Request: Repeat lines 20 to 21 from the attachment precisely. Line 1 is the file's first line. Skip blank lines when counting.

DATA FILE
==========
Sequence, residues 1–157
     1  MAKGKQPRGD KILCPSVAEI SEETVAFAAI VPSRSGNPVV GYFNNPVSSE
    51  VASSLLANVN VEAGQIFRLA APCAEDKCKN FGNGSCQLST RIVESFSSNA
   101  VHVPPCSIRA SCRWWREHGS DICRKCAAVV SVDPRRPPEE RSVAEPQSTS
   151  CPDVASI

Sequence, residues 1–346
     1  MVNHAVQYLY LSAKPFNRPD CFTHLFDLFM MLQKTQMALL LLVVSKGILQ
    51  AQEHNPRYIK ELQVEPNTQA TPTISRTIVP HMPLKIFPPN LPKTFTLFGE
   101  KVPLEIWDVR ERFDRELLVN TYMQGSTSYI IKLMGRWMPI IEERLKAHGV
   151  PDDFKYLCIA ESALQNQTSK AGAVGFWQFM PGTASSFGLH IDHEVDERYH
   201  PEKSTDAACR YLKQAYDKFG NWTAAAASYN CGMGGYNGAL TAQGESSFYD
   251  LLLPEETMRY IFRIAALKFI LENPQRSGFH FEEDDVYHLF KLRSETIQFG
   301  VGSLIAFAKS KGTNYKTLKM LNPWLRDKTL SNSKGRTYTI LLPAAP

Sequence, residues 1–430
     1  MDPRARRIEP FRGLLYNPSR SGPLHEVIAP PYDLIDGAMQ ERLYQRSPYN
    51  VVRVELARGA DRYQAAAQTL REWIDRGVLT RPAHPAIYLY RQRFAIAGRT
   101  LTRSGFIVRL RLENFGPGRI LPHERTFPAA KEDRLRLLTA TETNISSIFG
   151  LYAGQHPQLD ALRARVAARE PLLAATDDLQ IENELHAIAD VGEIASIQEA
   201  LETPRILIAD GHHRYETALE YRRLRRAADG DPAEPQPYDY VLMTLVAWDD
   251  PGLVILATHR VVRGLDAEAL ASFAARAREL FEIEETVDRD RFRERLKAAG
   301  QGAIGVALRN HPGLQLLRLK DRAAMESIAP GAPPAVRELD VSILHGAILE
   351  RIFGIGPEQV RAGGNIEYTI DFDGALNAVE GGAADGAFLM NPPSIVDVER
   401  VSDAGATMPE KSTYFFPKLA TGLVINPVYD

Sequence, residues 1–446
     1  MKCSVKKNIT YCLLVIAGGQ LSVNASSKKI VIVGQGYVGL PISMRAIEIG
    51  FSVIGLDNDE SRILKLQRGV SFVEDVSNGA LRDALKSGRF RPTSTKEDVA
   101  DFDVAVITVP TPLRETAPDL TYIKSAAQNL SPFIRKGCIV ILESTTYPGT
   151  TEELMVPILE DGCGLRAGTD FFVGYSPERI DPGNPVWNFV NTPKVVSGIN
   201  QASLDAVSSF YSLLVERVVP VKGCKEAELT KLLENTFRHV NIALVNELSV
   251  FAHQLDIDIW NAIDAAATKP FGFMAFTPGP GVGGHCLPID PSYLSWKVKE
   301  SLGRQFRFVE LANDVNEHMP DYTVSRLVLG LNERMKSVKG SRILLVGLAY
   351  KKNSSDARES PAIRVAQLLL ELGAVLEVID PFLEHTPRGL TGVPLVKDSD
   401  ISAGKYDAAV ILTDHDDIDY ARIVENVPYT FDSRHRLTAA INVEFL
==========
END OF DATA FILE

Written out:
   251  PGLVILATHR VVRGLDAEAL ASFAARAREL FEIEETVDRD RFRERLKAAG
   301  QGAIGVALRN HPGLQLLRLK DRAAMESIAP GAPPAVRELD VSILHGAILE